Ancient, ancient Arles…

We’re told it was occupied or settled by Celts, then Greeks, before Julius Ceasar decided to give it to his veterans for a peaceful retirement perhaps! It became known as ‘Rome in Gaul’ and left a very impressive UNESCO World Heritage list of Roman and Romanesque buildings and monuments!

Then it became an important Christian centre in medieval times enduring invasions and rampagings. It was rebuilt in the 12th Century. The 17th and 18th centuries saw the addition of the stately homes and buildings lining the streets of Arles today.

We had a year of weather the day we were in Arles, no doubt reflecting this changeable history! Hot and cloudless, then later cloudy, then the wind picked up, then rain and a bit of thunder, then, thank goodness, it petered out while we kept exploring.

Tina had another low blood sugar attack so again lunch was by the car in the carpark as soon as we arrived – though we were looking at remnants of the old walls and the big round towers forming the city portal, so not that bad.

That done, it was through said portals for maps and info… Oops again, lots of things closed in the middle of the day (typical Baroness tour style) but being the resourceful and intrepid travellers we are, we worked around that!

The amphitheatre dates from about 90 AD and is built on this huge platform cut out of the rock. It can seat 20,000 spectators on more than 30 tiers who can all watch the action in the centre. (Once upon a time there were wooden stages in the centre with trapdoors to allow for exciting entries and exits of talent and props.) During the torrid Middle Ages it became a fortress with towers added and houses, even churches, built inside it. These were only cleared out in 1826-30, and it was only then that bullfighting was introduced for the first time – to celebrate the capture of Algiers! The day we were there, there was no bullfighting, but their smell was still overpowering. Bullfighting was evident in the graffiti, made up the majority of the souvenirs available, but even some boutiques had bullfighting themes in their windows. So it is still alive and well.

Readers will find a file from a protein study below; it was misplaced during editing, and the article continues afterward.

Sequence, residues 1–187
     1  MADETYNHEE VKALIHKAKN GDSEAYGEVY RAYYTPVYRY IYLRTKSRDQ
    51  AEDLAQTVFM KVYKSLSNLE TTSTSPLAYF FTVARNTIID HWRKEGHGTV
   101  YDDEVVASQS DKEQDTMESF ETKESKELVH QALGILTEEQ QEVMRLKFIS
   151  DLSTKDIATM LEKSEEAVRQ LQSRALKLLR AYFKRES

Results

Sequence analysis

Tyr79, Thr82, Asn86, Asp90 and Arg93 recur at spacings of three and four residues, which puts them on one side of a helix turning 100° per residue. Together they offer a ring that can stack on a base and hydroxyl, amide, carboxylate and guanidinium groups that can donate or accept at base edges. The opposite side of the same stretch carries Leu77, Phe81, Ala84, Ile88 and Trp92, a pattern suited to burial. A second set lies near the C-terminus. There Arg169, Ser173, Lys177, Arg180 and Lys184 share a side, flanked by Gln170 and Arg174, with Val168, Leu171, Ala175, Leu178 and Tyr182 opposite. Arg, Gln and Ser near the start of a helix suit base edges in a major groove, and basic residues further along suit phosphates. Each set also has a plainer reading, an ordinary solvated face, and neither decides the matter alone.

The Roman theatre held about half as many people as it was a semicircle rather than a circle. But this left more room for the stage, the back of which was decorated with huge columns and statues. All but two of the columns (known as the two widows) are now broken, sadly,though there are various fragments still in the premises. Again, from the 5th century, houses and churches were built inside the space until the 1830s when they were cleared out, and the precious marble pavement and some of the seats and walls were restored.

A number of artists were sketching and painting in the theatre grounds and I got chatting to Karen Grant. She has been studying and painting for several years, and has now decided to have her first exhibition A Summer’s Day

6-11 June 2011, 10am to 4pm
My Blue Studio
Alexander House
Springfield Lane
Broadway WR12 78T  – in Wostershire
Ph 01386 859245

If you’ll be in the area, do go and see it and her!